Like the president who fired him, former FBI Director James Comey made news with a tweet this past weekend. Unlike Trump, Comey didn’t do it by attacking people or claiming credit for the work of others (the upcoming release of the JFK assassination records Trump has been boasting about is mandated by a law signed in 1992). Instead, Comey published a tweet on Sunday featuring a photo of himself standing in the middle of a road, which was his way finally confirming his Twitter handle is Reinhold Niebuhr (@FormerBu). The tweet came from Iowa.
Goodbye Iowa. On the road home. Gotta get back to writing. Will try to tweet in useful ways. pic.twitter.com/DCbu3Yvqt3
— Reinhold Niebuhr (@FormerBu) October 23, 2017
It was one of three tweets Comey sent from Iowa during a brief visit to the state, and it ended months of speculation as to whether that Twitter account is his. In March, journalist Ashley Feinberg published a long, detailed article explaining why the account almost certainly belonged to Comey, but Comey had not publicly acknowledged having a Twitter account.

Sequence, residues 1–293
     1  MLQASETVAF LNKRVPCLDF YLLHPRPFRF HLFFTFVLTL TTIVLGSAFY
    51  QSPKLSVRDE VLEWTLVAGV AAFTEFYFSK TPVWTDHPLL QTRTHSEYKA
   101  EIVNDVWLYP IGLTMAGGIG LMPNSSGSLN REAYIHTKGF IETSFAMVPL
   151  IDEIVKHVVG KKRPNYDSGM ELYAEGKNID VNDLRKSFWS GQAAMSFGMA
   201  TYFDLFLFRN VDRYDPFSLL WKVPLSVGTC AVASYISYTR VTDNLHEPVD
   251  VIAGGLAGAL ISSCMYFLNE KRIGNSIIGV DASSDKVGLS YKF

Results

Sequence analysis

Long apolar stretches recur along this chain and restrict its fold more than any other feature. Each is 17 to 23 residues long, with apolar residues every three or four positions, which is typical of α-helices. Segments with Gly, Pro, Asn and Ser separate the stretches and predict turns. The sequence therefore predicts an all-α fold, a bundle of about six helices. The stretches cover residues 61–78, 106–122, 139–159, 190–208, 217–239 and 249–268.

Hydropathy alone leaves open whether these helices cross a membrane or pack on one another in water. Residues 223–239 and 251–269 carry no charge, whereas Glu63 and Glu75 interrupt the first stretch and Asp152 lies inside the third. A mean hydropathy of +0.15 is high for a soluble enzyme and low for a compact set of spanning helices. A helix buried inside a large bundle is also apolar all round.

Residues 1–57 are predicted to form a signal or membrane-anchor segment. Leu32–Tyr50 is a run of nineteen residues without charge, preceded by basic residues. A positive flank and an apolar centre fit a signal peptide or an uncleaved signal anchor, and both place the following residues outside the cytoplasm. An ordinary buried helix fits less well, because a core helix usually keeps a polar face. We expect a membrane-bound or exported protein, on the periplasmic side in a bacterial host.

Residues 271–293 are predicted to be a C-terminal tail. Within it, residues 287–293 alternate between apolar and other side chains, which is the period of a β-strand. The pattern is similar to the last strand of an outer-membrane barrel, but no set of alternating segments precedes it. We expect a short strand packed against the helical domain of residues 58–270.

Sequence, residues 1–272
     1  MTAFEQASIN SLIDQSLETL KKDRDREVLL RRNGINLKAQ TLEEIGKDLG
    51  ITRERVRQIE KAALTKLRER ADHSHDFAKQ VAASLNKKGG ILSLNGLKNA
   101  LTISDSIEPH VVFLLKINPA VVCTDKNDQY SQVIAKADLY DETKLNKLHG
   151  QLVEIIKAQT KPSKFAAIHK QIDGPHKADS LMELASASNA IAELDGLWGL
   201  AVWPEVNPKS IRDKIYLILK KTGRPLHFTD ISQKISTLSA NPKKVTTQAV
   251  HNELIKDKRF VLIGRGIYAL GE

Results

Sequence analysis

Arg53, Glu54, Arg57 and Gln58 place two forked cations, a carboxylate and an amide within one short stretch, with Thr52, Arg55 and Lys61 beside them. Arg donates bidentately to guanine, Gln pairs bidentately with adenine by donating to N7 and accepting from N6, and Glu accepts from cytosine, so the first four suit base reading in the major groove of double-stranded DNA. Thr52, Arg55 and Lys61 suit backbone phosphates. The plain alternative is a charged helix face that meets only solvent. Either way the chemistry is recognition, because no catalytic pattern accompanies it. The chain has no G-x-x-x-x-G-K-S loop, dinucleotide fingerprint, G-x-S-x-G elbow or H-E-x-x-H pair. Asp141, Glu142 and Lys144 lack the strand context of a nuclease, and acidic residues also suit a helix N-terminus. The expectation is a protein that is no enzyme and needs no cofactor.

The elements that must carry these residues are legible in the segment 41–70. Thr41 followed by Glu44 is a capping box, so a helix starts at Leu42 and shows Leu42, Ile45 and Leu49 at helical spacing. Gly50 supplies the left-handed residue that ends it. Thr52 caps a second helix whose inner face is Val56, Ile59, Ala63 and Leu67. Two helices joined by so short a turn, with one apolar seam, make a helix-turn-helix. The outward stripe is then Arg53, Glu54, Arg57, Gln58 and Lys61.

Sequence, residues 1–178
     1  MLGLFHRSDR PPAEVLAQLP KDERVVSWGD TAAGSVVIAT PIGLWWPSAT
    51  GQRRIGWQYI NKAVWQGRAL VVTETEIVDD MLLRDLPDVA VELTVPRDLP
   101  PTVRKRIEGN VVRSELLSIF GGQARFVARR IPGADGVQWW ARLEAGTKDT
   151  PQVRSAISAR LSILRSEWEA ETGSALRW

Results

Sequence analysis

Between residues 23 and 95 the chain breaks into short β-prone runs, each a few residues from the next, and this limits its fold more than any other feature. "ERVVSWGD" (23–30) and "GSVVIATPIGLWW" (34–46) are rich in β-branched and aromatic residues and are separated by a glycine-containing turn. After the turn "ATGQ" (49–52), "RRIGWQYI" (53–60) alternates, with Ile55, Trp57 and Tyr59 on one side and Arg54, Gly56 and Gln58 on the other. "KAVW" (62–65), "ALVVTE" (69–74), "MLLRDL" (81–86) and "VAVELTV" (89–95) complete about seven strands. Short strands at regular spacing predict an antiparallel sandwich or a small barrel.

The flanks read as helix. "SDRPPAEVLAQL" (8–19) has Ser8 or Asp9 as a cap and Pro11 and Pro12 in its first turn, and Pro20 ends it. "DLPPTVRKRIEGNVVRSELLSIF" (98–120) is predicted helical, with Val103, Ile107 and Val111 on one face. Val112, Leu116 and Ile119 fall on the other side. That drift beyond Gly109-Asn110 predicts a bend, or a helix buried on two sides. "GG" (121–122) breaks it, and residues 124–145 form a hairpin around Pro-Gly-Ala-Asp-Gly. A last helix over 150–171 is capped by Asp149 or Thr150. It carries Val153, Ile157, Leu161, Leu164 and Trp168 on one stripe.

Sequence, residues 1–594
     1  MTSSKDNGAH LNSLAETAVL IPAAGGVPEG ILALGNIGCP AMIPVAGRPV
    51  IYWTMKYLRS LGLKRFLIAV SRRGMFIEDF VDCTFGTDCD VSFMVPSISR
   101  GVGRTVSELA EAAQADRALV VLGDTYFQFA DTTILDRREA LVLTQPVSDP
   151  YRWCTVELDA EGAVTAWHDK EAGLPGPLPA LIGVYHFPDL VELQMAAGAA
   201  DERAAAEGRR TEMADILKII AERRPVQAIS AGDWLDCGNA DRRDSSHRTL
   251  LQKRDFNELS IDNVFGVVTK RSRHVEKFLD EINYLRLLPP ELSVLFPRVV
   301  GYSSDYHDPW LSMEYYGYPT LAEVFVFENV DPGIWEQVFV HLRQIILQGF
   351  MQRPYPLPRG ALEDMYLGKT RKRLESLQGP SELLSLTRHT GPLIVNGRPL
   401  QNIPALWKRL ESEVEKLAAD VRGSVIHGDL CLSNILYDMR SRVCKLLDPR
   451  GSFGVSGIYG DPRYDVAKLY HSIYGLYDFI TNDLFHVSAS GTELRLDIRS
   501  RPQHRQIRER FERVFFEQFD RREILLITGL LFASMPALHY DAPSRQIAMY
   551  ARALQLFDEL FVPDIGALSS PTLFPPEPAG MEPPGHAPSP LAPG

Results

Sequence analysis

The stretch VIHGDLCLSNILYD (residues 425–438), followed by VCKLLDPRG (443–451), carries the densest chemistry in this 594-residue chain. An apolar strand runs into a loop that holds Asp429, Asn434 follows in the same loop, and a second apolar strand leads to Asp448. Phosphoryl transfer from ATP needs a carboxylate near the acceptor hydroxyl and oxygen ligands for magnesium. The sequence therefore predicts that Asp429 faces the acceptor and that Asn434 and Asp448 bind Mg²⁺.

Comey has an obvious connection to his nom de Twitter. In college, Comey wrote his senior thesis on Reinhold Niebuhr, an influential 20th century American theologian and social thinker. He also has an obvious connection to Iowa. His wife, Patrice, is a native of the state.
But if Comey was hoping for a weekend escape from scandals involving an unjust firing — his May 9 firing is one the central issues in Independent Counsel Robert Mueller’s ongoing investigation of the Trump Administration — Iowa may not have been the best choice.
Ed Failor Jr., Comey’s brother-in-law, is a senior staff member working for the Iowa State Senate Republican Caucus. Failor was a senior advisor to Sen. Majority Leader Bill Dix, when Dix fired another caucus staffer, Kirsten Anderson, after she complained about sexual harassment and racist statements made by Senate Republican staffers. At the time, Failor denied Anderson’s complaints had anything to do with her firing, telling WHO-TV, “She [Anderson] was terminated for cause, which has to do with her work product, which had been brought to her attention months ago. And it didn’t improve.”
Anderson eventually sued, and in July, a jury decided she had been wrongfully terminated and awarded her $2.2 million in damages.
The Des Moines Register contacted Failor to ask if Comey had visited him over the weekend, but Failor would neither confirm nor deny seeing Comey. But the general manager of 801 Chophouse in downtown Des Moines told the Register that Comey had attended a birthday party for Ed Failor Sr., his father-in-law, held at the restaurant on Saturday.